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[STDs] Molluscum Contagiosum

These are the images, diagnosis and treatment of the disease caused by Molluscum Contagiosum. This is a Viral Sexually Transmitted Diseases.


Molluscum contagiosum is a common cutaneous viral eruption that on cursory inspection may resemble warts. The molluscum contagiosum virus (MCV) is a pox virus; two types (MCV-1, MCV-2) have been described. The virus has not been cultivated, because only mature keratinocytes are susceptible and such cells have not been successfully propagated. The infection most commonly involves the face and upper extremities in young children, who are infected by contact with saliva of other children, typically in nursery or school settings. Genital area infection usually is sexually acquired and is common in sexually active teens and young adults, and probably occurs primarily in those who escaped childhood infection and lack protective immunity. In sexually active adults, molluscum usually involves the pubic area, lower abdomen, upper thighs, or buttocks, as well as external genitals. Facial lesions can occur in imunodeficient adults, such as persons with AIDS, probably the result of reactivation of latent infection when immune surveillance wanes. With few exceptions, molluscum contagiosum is a benign condition with few complications except for cosmetic effects and the psychological impact of a sexually transmitted disease (STD). Treatment is effective with any of several destructive methods, and most cases resolve within a few months without therapy.

EPIDEMIOLOGY

Incidence and Prevalence
• No reliable statistics available
• Rising frequency has been reported in some STD clinics in recent years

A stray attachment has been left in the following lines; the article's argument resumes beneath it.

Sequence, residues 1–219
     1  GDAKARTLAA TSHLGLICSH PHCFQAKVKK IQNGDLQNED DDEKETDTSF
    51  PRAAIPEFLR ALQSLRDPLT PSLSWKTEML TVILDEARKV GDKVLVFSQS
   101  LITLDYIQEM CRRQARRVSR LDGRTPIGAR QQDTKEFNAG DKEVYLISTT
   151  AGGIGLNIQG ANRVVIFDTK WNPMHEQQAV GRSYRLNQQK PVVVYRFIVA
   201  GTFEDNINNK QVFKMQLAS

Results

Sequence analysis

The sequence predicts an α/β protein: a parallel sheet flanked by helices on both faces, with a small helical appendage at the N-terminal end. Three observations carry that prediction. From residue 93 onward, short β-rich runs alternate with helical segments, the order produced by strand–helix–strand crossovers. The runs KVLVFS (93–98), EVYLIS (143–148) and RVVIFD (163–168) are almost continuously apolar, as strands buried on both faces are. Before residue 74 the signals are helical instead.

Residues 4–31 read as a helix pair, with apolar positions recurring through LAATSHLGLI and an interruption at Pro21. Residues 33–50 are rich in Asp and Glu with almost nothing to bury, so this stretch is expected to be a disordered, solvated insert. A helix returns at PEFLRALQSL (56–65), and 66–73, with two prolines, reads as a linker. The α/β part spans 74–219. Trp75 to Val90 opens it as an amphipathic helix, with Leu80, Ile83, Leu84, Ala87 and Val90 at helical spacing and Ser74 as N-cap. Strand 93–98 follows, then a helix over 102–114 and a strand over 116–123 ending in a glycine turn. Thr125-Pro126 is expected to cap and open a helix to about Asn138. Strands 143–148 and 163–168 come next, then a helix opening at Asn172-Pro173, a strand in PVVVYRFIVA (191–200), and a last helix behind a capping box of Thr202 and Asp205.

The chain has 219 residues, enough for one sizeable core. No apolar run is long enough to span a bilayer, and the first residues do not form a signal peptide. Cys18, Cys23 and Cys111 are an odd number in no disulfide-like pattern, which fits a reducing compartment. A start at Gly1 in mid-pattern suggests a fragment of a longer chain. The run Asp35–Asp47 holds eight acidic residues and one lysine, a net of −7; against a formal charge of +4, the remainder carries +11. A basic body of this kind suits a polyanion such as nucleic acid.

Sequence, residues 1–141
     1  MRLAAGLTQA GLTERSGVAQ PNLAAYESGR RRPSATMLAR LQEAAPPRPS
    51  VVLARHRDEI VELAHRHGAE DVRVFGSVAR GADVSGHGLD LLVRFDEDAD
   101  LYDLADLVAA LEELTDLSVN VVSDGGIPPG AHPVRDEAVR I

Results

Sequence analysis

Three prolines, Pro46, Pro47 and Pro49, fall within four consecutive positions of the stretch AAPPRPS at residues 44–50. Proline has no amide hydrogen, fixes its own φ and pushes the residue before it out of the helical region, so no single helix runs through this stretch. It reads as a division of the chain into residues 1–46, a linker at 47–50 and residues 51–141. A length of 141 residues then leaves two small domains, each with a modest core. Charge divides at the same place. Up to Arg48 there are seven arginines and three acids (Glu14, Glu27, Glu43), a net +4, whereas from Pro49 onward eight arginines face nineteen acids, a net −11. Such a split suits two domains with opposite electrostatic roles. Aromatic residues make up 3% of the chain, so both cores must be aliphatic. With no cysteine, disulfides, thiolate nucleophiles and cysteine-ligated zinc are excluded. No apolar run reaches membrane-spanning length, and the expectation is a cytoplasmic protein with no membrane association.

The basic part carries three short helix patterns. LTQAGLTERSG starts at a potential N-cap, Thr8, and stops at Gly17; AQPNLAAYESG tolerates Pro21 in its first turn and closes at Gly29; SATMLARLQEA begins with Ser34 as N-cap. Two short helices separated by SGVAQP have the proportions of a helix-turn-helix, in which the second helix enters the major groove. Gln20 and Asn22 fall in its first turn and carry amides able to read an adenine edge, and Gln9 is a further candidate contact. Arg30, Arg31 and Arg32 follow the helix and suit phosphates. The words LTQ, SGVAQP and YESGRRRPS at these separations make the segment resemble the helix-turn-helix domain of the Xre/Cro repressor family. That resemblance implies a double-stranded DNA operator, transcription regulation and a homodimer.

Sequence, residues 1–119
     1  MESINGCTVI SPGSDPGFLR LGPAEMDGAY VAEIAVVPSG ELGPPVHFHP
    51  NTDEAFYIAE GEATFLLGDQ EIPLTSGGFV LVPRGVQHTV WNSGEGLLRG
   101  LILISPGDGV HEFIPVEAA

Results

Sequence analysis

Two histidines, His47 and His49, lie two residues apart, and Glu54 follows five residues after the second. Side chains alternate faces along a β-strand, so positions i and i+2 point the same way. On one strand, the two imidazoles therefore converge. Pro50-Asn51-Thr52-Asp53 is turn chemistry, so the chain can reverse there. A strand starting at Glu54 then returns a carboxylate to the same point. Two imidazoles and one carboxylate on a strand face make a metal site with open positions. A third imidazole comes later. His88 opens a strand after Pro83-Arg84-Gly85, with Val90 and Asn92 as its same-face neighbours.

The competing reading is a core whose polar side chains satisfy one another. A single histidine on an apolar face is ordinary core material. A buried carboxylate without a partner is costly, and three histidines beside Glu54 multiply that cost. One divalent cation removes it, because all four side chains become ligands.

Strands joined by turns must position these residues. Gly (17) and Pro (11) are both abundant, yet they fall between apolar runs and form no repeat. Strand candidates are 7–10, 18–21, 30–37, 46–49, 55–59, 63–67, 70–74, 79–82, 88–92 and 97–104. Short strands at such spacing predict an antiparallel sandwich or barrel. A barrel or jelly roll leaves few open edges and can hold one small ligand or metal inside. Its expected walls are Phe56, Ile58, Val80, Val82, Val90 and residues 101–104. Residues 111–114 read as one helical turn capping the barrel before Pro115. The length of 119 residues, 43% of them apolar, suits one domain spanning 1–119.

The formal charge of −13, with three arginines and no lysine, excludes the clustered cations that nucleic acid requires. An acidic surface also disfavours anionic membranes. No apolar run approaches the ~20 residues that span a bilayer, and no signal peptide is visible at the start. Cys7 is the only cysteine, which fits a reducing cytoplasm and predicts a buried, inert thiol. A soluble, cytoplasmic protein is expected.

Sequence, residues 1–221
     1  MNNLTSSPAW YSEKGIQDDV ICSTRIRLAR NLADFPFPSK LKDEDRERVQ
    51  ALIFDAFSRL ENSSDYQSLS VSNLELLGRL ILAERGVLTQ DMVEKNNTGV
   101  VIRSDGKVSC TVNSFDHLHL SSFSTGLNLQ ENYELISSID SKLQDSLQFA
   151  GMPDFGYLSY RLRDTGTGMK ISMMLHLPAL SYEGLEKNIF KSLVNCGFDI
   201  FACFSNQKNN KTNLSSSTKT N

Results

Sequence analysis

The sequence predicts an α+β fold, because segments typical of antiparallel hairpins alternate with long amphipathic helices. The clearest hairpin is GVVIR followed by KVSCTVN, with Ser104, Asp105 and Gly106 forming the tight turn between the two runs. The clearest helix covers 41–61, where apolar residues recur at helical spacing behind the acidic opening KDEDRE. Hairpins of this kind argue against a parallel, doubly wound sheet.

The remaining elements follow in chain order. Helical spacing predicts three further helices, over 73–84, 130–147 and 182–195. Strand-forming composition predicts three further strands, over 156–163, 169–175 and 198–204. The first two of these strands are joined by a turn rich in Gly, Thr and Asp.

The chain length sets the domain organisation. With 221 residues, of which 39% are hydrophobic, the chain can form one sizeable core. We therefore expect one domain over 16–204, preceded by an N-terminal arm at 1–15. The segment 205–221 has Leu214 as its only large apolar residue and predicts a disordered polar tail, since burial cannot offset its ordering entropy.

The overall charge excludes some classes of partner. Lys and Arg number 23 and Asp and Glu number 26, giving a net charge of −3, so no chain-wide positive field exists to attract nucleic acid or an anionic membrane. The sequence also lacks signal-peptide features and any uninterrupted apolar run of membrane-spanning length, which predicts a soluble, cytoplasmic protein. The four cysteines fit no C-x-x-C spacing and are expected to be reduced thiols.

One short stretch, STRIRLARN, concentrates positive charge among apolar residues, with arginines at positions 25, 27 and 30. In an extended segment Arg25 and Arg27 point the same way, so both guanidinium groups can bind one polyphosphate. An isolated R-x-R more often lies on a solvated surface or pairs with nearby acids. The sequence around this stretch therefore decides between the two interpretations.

Transmission
• Sexual or salivary transmission
• Autoinoculation probably accounts for some cases of regional spread of lesions, e.g. by pubic shaving

Age
• Most cases occur in young children
• In sexually active adults, most common age is 15–30 years

Sex
• No known predisposition

Sexual Orientation
• No known predisposition

Other Risk Factors
• Cellular immunodeficiency risks late recrudescence; facial lesions can be a difficult management problem in patients with AIDS

HISTORY

Incubation Period
• Usually 2–3 months, range 1 week to 6 months

Symptoms
• Painless papules or wart-like bumps, often with a shiny pink appearance and central depression
• Sexually acquired lesions are located primarily in genital and perigenital areas, e.g., lower abdomen,
pubic area, upper thighs
• May be asymptomatic or unrecognized

Epidemiologic History
• Behavioral risks for STD
• Sometimes sexual contact with known case

PHYSICAL EXAMINATION
• In immunocompetent persons, usually several smooth, waxy, erythematous papules, often with central umbilication
• Most common on penis or labia, and perigenital locations (pubic area, upper thighs, scrotum, etc.)
• Facial, scalp, and other sites are common in children and persons with AIDS

DIAGNOSIS
• Usually diagnosed by clinical appearance
• May be confused with genital warts
• Examine small lesions under magnification
• Expression of hard, white core, followed by brisk bleeding confirms diagnosis
• Characteristic histopathology if lesions are biopsied
• Screen for other STDs

TREATMENT
• Few controlled trials reported, only in young children; recommendations in adults are based on uncontrolled observational reports
• Freezing by liquid nitrogen or cryoprobe
• Curettage
• Imiquimod 5% cream 3–5 times per week for up to 16 weeks
• If few in number, lesions may be unroofed with needle and core manually expressed, although this
may carry risk of local autoinoculation
• Podofilox, cantharadin, and other chemical irritants have been reported to be effective

SEX PARTNER MANAGEMENT
• Counsel patients to advise partners to seek treatment if lesions noted 

Multiple lesions of molluscum contagiosum on lower abdomen
10–1. Multiple lesions of molluscum contagiosum on lower abdomen. Individual